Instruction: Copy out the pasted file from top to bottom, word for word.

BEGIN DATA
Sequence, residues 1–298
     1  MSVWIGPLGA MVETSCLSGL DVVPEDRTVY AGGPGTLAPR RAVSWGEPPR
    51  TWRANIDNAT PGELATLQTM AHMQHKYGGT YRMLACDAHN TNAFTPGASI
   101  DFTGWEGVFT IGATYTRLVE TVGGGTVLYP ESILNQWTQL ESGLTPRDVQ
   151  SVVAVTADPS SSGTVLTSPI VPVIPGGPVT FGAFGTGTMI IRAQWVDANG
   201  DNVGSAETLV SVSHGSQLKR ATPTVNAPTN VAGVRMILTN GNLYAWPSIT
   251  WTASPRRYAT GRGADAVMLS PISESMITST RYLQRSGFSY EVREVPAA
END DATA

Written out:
Sequence, residues 1–298
     1  MSVWIGPLGA MVETSCLSGL DVVPEDRTVY AGGPGTLAPR RAVSWGEPPR
    51  TWRANIDNAT PGELATLQTM AHMQHKYGGT YRMLACDAHN TNAFTPGASI
   101  DFTGWEGVFT IGATYTRLVE TVGGGTVLYP ESILNQWTQL ESGLTPRDVQ
   151  SVVAVTADPS SSGTVLTSPI VPVIPGGPVT FGAFGTGTMI IRAQWVDANG
   201  DNVGSAETLV SVSHGSQLKR ATPTVNAPTN VAGVRMILTN GNLYAWPSIT
   251  WTASPRRYAT GRGADAVMLS PISESMITST RYLQRSGFSY EVREVPAA